As is the case with many novel adaptations, I’m sure this film is nowhere near as good as the book. However, I haven’t read Joanne Harris’ novel – yet. It’s sitting on my shelf waiting for me to get through my towering pile of books before I can get near it. So I can only comment on Chocolat the film.

As a chocoholic, I was always going to enjoy at least one aspect of this film – the chocolate, of course. But it turns out that I enjoyed the whole thing. The story begins when a single monther and her young daughter move to a village in rural France. The mother is somewhat of a free spirit. The mayor of the town goes out of his way to introduce himself, hoping to welcome the young family to the area. However, on discovering that the woman is not, in fact, a widow and has never been married – therefore having an illegitimate child, he changes his mind. He immediately takes a dislike to Vianne and her daughter and does his best to make them feel unwelcome in the area. Vianne, however, is used to this attitude and carries on with her business as though nothing is happening. Her business, of course, is making chocolates. She has rented an empty shop and immediately sets to work transforming it into a beautiful chocolate shop.

It causes further bother when it transpires that Vianne will be opening her shop as soon as she has finished work on it, which means it will be during Lent. Not a religious woman herself, this doesn’t matter to her in the slightest. But it puts the mayor’s back up even further, especially as he suspects the villagers will break their fast without too much trouble given the tasty treats which are readily available. As time passes, Vianne’s good-nature and even better chocolate wins the villagers round – they are soon going to her for their favourite treats quickly come to realise that her circumstances and religious beliefs do not make her a bad person. She makes some very good friends and only a select few remain determined to get her out of the area for good.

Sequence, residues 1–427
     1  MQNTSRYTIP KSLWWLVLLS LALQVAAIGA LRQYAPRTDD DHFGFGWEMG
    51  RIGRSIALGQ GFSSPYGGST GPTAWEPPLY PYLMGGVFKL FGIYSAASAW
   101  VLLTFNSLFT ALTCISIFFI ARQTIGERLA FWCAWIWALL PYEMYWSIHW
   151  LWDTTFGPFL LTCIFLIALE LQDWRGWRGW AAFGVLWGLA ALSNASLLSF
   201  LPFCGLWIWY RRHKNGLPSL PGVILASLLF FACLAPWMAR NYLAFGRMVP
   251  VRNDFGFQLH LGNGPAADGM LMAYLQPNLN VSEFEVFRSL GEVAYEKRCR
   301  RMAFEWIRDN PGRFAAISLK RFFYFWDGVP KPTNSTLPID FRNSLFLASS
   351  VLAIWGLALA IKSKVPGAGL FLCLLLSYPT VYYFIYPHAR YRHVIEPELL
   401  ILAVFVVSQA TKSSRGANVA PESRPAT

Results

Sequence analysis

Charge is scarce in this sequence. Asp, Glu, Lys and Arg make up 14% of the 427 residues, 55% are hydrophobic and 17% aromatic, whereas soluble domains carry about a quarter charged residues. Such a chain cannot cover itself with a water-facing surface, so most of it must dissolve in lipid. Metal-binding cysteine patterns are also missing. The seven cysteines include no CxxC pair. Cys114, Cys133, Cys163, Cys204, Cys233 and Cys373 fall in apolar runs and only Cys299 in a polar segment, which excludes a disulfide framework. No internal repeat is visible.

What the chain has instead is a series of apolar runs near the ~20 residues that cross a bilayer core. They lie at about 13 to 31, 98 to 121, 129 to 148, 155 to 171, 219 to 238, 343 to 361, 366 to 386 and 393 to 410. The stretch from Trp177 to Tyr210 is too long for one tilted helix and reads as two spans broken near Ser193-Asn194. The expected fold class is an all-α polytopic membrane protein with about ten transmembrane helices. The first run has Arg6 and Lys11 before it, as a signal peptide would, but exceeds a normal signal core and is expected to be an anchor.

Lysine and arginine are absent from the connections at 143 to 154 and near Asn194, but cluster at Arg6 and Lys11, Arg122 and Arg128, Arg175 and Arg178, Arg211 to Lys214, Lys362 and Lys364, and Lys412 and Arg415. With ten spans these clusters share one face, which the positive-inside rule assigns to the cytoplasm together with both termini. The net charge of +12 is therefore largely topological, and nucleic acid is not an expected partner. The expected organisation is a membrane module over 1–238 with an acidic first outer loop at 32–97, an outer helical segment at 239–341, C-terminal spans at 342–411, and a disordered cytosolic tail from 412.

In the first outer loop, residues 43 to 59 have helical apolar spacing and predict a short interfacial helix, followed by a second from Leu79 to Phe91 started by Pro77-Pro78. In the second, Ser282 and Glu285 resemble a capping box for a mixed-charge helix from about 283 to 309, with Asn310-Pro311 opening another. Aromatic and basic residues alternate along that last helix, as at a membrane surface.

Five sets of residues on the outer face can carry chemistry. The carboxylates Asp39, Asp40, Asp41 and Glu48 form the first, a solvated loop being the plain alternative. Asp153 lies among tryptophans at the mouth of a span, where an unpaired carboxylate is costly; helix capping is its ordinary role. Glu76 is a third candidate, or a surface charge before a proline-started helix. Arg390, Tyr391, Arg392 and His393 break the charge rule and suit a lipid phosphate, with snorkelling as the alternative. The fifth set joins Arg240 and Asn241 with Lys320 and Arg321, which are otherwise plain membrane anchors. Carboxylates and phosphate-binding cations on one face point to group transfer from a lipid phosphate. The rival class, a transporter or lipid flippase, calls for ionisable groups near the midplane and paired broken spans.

Ever the control freak, the mayor ups his game and gets the young priest on side to preach about how evil comes in many guises, however clever. By some strange coincidence, those who make chocolate are also amongst those who could be posing as the devil. Some of the townspeople believe the words and avoid Vienne – but others take no heed and continue to be friends with her. Things take a turn for the worse, however, when a group of Irish river drifters arrive – causing further havoc in the town. Vianne, as always, is the first to go and offer friendship and assistance, to the further rage of the mayor. The arrival of the drifters sets off another chain of events which result in changing the lives of some of the villagers forever.

Overall, this was an enjoyable film. I found it difficult to follow all of the names of the characters because they’re French, but the plot itself was interesting and easy to follow. It’s a really lovely film about a woman who learns not to care what people think about her and her situation and to persevere, knowing that her kind spirit will win out in the end. That, lots of chocolate, warmth and a sprinkling of love make this a great film for a night in – especially if you’re a chocoholic!

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